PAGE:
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All the best bikes, gear and other tech from the Tour de France
The bike of the tallest man in the Tour de France
Mechanics equip riders with special bikes, tubulars and modifications
IAM Cycling rider's bike radiates orange
_V6O7031 - Yellow jersey for Hossein Alizadeh of Tabriz
Nine riders in hunt for stage wins in July
An obvious focus for the team will be the bunch sprints, where Matthew Goss will be the protected sprinter. He will be aided by Baden Cooke, Brett Lancaster, Daryl Impey, Michael Albasini, Pieter Weening, Sebastian Langeveld, Simon Gerrans and Stuart O'Grady.
"It was difficult to select the final nine," said Sports Director Matt White. "We have more than nine riders that are ready for the Tour de France. It's a good problem to have. When picking the team, we have to identify the team goals and pick the best riders to achieve those goals over the three weeks. I'm confident with the selection we've made that we can meet the objectives we set for July."
Rather than try for a high overall classification, White says the team was picked to win stages. "We have a lot of opportunists in the team of nine. We've said from the start that the overall is not a goal. We're on the hunt for stage wins, and we have a lot of winners in those eight other riders."
Another top pick for stage wins is Albasini, who already has three stage wins (two at Volta a Catalunya and one in Tour de Suisse), an overall race victory in Catalunya and second-place at Flèche Wallone under his belt this year, as well a stage of the 2011 Vuelta a España in his palmares.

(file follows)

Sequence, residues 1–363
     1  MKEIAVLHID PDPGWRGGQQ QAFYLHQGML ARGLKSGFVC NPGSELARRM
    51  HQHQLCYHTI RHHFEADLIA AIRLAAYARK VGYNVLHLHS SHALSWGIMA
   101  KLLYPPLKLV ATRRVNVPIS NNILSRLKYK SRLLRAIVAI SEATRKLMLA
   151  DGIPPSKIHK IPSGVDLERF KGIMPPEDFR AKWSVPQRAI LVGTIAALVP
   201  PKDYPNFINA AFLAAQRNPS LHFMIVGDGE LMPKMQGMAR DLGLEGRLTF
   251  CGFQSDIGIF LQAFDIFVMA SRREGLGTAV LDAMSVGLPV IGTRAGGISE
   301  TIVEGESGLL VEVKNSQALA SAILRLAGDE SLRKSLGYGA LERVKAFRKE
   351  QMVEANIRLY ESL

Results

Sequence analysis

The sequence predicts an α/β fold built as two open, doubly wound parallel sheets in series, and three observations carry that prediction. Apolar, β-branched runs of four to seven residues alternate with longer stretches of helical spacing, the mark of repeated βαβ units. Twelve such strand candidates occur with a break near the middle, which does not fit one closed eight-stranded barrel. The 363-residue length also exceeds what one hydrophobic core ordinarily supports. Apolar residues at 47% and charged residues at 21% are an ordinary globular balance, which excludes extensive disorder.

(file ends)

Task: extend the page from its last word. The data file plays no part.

"Michael is having the best season of his 11-year career," said White. "We've seen his aggressive style of racing net him stage wins in Spain and Switzerland and the overall victory at the Volta a Catalunya. Michael will contribute to the goals we've set for Matt Goss and take his own chances to win stages on various terrains."
The most experienced rider on the team is O'Grady, who will be toeing the line at his 16th Tour this year. As road captain, he will make sure the team is squared away tactically, and may try to add another stage to his list of results. O'Grady spent six days in the race lead in the 2001 Tour and three in the 1998 edition.
"We're really proud to make our debut in the biggest race in the world with an Australian team," said General Manager Shayne Bannan. "It's has been an incredible journey for us so far thanks to the vision of the Ryan family, all of our dedicated sponsors, and the hard work shown by our staff and riders. We're obviously humble, as this is our first Tour de France, but we all have a good feeling of confidence about our chances to make our mark in the race."